Todd Shupe is the President of DrToddShupe.com and is a well recognized expert on wood-based housing and wood science.  Shupe worked as a  professor and lab director at LSU for over 20 years. He is active in several ministries including his Christian blog ToddShupe.com. Todd is the Secretary of the Baton Rouge District of United Methodist Men, Database Coordinator for Gulf South Men, and volunteer for the Walk to Emmaus, Grace Camp, Iron Sharpens Iron, Open Air Ministries, HOPE Ministries food pantry. Todd is currently preparing to be a Men’s Ministry Specialist through the General Commission of United Methodist Men.

Thank you for visiting. We trust that you have enjoyed reading our articles.

Man Up: Use Lent to Prepare Your Hearts for Easter

Man Up: Use Lent to Prepare Your Hearts for Easter

I love Easter egg hunts and chocolate rabbits, but there is so much more to Easter.  One critical part of Easter is Lent.  Lent is the period of 40 weekdays before Easter. It begins on Ash Wednesday, and Sundays are not counted. Lent is often observed with an element of self-denial.  I encourage men to lead your family by intentionally observing Lent which will be rewarding experience.  Below are some steps to consider on your Lenten journey.

Reflect with your Family

If I don’t use Lent as a time of personal reflection, I run the risk of Easter becoming an excuse to take my suit to the dry cleaners and overdose on chocolate.  By observing Lent at home, we can help ourselves and our families grow spiritually.  Remember, our primary church is our home.  I want myself and my family to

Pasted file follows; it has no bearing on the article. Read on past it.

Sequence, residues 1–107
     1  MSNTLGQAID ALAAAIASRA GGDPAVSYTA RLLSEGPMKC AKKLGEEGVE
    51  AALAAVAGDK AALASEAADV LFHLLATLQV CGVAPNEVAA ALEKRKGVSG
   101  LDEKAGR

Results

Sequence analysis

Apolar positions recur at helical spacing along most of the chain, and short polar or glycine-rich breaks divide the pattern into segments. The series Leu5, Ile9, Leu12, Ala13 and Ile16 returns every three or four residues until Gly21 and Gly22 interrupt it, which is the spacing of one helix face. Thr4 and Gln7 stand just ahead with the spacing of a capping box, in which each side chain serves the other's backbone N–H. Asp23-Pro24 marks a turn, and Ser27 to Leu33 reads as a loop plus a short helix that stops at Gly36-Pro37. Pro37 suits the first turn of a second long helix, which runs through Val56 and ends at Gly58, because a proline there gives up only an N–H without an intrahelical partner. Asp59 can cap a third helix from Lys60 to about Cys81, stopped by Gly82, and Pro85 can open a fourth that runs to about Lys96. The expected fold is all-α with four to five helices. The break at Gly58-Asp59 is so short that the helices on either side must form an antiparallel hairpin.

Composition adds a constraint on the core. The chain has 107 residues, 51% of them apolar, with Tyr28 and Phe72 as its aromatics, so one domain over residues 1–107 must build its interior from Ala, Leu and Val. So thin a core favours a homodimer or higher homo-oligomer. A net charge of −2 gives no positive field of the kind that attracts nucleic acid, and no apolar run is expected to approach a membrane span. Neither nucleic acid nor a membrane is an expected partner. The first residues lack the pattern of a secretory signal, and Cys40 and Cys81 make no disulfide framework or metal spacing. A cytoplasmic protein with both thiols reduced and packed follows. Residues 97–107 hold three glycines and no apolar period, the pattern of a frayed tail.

understand that we need to prepare our hearts to experience the joy of the resurrection. This begins by examining our hearts for sin and gently explaining the hard reality that our sin is what separates us from Jesus.  We are all sinners, and the only one to have walked the earth without sin was falsely accused of a crime (blasphemy).  Lent is a time to ask the Holy Spirit to search us and help us clean sin out of our hearts and replace the void with His love and grace.

The observance of Lent can take many forms. There are several devotionals available to help families make Lent a meaningful time of growth and reflection.  Speak to your pastor about appropriate devotionals for you and your family. 

If your family is not in the habit of daily prayer and Scripture reading, Lent is a great time to start.  Lent is also a great time to begin the habit of Christian service and reach out to others with our gifts of presence, prayers, and witness.

Understand True Sacrifice

Lent often involves sacrifice.  Historically, the season of Lent commemorates Christ’s 40 days of fasting in the wilderness which succeeded his baptism by John the Baptist and proceeded the enemy’s efforts to tempt our Lord to serve him.